Yahweh did NOT write the Bible - fallible humans did (re: “Yahweh’s view on gays.”) Scouting doesn’t teach “Christian morals” it teaches citizenship, leadership, sharing, healthy conservation and outdoorsmanship, and hopefully, morals are a by-product.
When we were in the program even the God and Country award was not only for Christians.
My two grown Eagle Scouts are appalled at the BSA’s recent decision. They had a gay leader and everyone knew it and they had a marvelous scouting experience. They hope their own sons will be able to join a more enlightened BSA someday. Alternatively they will not want them to join, I’m sure.
I am a Christian and a former Girl Scout and proud of the Girl Scout’s nondiscriminatory policy.
Mary Hunsberger Link • Frankfort
Fracking or nuclear?
I’m sympathetic to Peggy Case’s letter (“Time to ban fracking,” June 17), but the current move to ban coal and push wind means more gas-burning turbines to pick up the load in the lulls. More gas turbines means more fracking, not less.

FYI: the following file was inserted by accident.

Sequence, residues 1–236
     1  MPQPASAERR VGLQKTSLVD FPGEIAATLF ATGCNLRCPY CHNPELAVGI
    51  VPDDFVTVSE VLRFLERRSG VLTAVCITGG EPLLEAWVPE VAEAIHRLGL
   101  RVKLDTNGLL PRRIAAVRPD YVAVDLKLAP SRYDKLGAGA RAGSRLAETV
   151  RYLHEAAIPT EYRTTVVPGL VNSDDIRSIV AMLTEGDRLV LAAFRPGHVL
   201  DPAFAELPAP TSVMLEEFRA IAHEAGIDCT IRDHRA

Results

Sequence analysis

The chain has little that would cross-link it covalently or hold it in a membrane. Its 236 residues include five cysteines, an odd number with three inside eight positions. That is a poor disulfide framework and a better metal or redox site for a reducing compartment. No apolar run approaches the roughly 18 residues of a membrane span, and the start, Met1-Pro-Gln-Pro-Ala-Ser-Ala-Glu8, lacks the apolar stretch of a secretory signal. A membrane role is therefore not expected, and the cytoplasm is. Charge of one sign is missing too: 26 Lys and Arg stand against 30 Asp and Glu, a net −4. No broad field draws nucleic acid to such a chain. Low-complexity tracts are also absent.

Michigan already gets about 30% of its electricity from nuclear power. Why not a Fermi 3, Palisades 2, and new construction at Big Rock Point?
Better yet, let’s cut into existing gas demand. We could replace the gasburning turbines in Midland with some new, modular Babcock & Wilcox reactors to make electricity and process steam for Dow Chemical, as in the original vision. That would make employment at Dow less dependent upon natural gas prices, which would be good for Michigan’s economy.
I want to see the documentary “Pandora’s Promise” when it comes to Traverse City. I hope Peggy gets a chance to see it too. It might just change the way people think about energy.
Russ Cage • Williamsburg